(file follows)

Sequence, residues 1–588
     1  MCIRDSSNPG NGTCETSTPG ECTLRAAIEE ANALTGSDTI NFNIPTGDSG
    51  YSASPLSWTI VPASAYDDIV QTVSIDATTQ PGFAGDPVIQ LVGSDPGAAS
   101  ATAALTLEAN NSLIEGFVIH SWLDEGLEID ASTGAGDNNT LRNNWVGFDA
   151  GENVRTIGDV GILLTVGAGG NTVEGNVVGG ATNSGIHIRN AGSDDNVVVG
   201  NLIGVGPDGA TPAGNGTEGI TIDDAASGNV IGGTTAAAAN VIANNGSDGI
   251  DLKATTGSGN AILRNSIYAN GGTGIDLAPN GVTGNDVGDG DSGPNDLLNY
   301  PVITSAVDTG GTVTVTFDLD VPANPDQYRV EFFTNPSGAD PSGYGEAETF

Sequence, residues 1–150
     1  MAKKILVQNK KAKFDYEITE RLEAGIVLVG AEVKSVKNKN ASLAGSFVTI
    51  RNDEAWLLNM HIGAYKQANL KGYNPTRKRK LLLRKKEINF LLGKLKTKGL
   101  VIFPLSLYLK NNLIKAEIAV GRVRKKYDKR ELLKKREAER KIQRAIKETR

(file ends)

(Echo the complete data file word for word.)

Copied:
Sequence, residues 1–588
     1  MCIRDSSNPG NGTCETSTPG ECTLRAAIEE ANALTGSDTI NFNIPTGDSG
    51  YSASPLSWTI VPASAYDDIV QTVSIDATTQ PGFAGDPVIQ LVGSDPGAAS
   101  ATAALTLEAN NSLIEGFVIH SWLDEGLEID ASTGAGDNNT LRNNWVGFDA
   151  GENVRTIGDV GILLTVGAGG NTVEGNVVGG ATNSGIHIRN AGSDDNVVVG
   201  NLIGVGPDGA TPAGNGTEGI TIDDAASGNV IGGTTAAAAN VIANNGSDGI
   251  DLKATTGSGN AILRNSIYAN GGTGIDLAPN GVTGNDVGDG DSGPNDLLNY
   301  PVITSAVDTG GTVTVTFDLD VPANPDQYRV EFFTNPSGAD PSGYGEAETF

Sequence, residues 1–150
     1  MAKKILVQNK KAKFDYEITE RLEAGIVLVG AEVKSVKNKN ASLAGSFVTI
    51  RNDEAWLLNM HIGAYKQANL KGYNPTRKRK LLLRKKEINF LLGKLKTKGL
   101  VIFPLSLYLK NNLIKAEIAV GRVRKKYDKR ELLKKREAER KIQRAIKETR